Genstar Stone Paving Products Co. v. State Highway Admin.

Annotate this Case

94 Md. App. 594 (1993)

618 A.2d 256

GENSTAR STONE PAVING PRODUCTS COMPANY, INC. v. STATE HIGHWAY ADMINISTRATION.

No. 507, September Term, 1992.

Court of Special Appeals of Maryland.

January 11, 1993.

Donald A. Tobin (Scott A. Livingston and Bastianelli, Brown & Touhey, Chartered, on brief), Washington, DC, for appellant.

Dana A. Reed, Asst. Atty. Gen. (J. Joseph Curran, Jr., Atty. Gen., on brief), Baltimore, for appellee.

Argued before WILNER, C.J., and MOYLAN and BISHOP, JJ.

WILNER, Chief Judge.

This appeal is from an order of the Circuit Court for Baltimore City reversing a decision of the State Board of Contract Appeals. It takes us into the arcane world of State (and Federal) procurement and, in particular, requires us to construe a mandatory clause in a road construction contract. The underlying facts are not in dispute.

In July, 1986, the State Highway Administration (SHA) awarded appellant a $5,951,622 contract to make resurfacing improvements to a two-mile stretch of the Baltimore Beltway. Both the bid and the contract were divided into many separate bid items; some of them called for a lump sum price a single amount to be paid for that item of work, no matter what quantity of that work might ultimately prove necessary while others (most) specified unit prices. The unit price items stated a price per unit (per ton, per day, per square or linear foot), the number of units that SHA estimated the job would entail, and an aggregate price determined by multiplying the unit price by the number of SHA-estimated units.

Appellant was required under the contract to maintain traffic flow during the construction work, and several of the items related to that function. Item 1002 called for a lump sum for "Maintenance of Traffic," and on that item appellant bid (and the contract stated) $67,500. Other items showed unit prices for temporary traffic signs, temporary pavement striping tape, the removal of that tape, and barrier walls. Item 1006 contained a unit price for arrow boards lighted signs forming the shape of an arrow that direct traffic into adjacent lanes when one or more lanes are closed because of the construction work. We are concerned here with the arrow boards.

The contract specified that the method of measurement and basis of payment for this item "shall be at the contract unit price bid per unit day." By "unit day" was meant that each arrow board used would be paid for once for each day of use, no matter how many times during the day it was moved or replaced. The contract also stated that the contract unit price "shall be full compensation for all labor, materials, equipment, tools and incidentals required to set up and operate at the site and at any relocated sites as required."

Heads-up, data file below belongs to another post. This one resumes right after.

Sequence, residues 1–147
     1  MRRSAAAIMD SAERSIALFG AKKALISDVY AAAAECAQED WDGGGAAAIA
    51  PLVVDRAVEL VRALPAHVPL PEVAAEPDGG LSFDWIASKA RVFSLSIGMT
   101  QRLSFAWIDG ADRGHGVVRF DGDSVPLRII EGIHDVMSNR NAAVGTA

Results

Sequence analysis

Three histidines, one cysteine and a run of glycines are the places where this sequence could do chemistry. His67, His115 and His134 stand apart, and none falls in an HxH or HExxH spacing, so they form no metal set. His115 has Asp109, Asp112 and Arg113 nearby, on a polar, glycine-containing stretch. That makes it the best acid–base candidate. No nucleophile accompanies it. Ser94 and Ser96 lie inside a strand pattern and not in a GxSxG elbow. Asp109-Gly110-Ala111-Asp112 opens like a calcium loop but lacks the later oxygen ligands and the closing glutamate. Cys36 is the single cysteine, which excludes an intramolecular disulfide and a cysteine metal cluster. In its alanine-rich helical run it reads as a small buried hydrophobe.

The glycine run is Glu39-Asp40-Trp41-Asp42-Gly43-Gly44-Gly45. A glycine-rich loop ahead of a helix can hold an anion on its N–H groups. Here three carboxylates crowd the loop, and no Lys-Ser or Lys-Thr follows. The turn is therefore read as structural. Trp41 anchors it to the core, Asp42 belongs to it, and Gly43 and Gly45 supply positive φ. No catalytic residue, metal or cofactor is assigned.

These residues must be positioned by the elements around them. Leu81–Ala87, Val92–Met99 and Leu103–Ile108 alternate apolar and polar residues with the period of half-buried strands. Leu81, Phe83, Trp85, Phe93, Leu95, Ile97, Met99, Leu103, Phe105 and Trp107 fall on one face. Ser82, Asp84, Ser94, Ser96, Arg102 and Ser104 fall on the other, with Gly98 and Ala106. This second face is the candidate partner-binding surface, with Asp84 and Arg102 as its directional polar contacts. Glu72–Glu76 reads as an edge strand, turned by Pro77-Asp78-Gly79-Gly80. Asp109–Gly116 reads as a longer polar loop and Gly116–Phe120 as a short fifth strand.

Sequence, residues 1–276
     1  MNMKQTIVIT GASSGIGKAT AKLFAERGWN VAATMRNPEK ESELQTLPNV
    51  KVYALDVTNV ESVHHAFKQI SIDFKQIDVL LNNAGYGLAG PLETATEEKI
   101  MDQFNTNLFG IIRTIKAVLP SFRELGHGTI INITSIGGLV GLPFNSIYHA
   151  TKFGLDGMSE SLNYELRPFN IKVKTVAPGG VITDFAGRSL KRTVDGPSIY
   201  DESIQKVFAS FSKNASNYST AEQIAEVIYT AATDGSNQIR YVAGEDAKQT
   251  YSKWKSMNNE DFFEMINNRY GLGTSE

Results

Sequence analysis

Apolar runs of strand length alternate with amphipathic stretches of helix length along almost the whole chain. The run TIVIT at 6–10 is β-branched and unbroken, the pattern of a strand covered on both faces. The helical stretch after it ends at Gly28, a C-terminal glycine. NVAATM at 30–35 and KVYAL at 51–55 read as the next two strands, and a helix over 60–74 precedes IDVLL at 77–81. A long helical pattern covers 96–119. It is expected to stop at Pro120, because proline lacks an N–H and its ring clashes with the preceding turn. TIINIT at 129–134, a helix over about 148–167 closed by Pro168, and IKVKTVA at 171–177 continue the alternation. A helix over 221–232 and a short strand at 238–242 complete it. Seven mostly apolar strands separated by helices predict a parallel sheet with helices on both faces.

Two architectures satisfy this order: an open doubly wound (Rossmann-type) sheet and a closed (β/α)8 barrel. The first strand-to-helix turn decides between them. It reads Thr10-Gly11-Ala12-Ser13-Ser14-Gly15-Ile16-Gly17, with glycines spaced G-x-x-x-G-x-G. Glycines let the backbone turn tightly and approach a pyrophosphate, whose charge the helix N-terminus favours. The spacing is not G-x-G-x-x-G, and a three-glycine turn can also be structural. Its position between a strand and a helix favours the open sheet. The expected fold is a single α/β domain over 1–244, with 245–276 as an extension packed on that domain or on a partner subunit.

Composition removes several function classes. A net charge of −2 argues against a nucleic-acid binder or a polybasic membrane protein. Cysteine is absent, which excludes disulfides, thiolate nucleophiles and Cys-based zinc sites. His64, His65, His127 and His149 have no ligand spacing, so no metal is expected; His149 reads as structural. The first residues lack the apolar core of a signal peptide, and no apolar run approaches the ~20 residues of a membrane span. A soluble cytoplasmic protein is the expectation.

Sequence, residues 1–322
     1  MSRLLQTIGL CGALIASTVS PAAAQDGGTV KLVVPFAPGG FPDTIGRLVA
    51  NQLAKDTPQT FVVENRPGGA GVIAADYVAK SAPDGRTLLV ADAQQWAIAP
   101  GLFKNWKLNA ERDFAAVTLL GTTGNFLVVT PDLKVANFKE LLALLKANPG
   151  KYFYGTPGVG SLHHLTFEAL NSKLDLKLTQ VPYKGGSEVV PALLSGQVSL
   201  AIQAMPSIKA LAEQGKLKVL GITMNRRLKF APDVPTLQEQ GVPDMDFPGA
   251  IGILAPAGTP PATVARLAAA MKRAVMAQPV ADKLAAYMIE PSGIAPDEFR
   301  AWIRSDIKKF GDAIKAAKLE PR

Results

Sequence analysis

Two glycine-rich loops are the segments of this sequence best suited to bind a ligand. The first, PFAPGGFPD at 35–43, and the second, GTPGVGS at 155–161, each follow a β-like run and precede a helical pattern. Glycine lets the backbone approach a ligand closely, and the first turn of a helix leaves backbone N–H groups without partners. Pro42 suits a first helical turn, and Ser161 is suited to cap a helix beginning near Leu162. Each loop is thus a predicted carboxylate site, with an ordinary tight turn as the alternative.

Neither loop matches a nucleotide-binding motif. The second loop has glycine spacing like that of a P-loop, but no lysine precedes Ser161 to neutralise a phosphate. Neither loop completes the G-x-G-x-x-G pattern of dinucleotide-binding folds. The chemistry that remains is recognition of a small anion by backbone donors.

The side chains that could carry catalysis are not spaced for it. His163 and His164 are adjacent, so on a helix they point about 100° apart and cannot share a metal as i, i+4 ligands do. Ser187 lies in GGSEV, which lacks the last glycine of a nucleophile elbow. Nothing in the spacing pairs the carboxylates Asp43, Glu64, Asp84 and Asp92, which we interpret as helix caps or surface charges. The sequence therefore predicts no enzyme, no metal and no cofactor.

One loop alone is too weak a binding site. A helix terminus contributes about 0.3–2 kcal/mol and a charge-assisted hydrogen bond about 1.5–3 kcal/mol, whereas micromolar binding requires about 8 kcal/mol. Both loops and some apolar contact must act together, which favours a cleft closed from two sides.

SHA estimated that the job would require 200 unit days of arrow boards. In preparing its bid, however, appellant concluded that SHA's estimate was far too low and that the job would require 555 unit days of arrow board. What it did, therefore, was as follows: (1) it determined that the actual cost of an arrow board for a unit day was $45/board; (2) it estimated that the additional crew and equipment costs associated with the arrow boards would be $783/day; (3) it multiplied the $783 by the 327 additional days it figured the extra crew and equipment would be needed, producing a cost of $256,041; (4) it then multiplied the actual $45 cost by 555 days, yielding $24,975, and added that amount to the $256,041, producing a combined cost of $281,016; (5) it divided that combined cost by 555, producing a per diem cost of $506; and (6) to that amount it then added (i) a $94 markup (making $600), (ii) $200 more on the assumption that a second arrow board crew shift would be required on one-third of the 555 crew arrow board days (raising the unit cost to $800), and (iii) $100 for overhead and profit, making a final unit price of $900.[1]

As things turned out, appellant's time estimate was much closer to the mark than SHA's. The job required 514 unit days of arrow board.

Part of the State's procurement regulations is COMAR 21.07.02.03, which requires that every State construction contract containing estimated quantity items include the following "variations" or "VEQ" (variations from estimated quantities) clause:

"Where the quantity of a pay item in this contract is an estimated quantity and where the actual quantity of such pay item varies more than twenty-five percent (25%) above or below the estimated quantity stated in this contract, an equitable adjustment in the contract price shall be made upon demand of either party. The equitable adjustment shall be based upon any increase or decrease in costs due solely to the variation above one hundred twenty-five percent (125%) or below seventy-five percent (75%) of the estimated quantity."[2]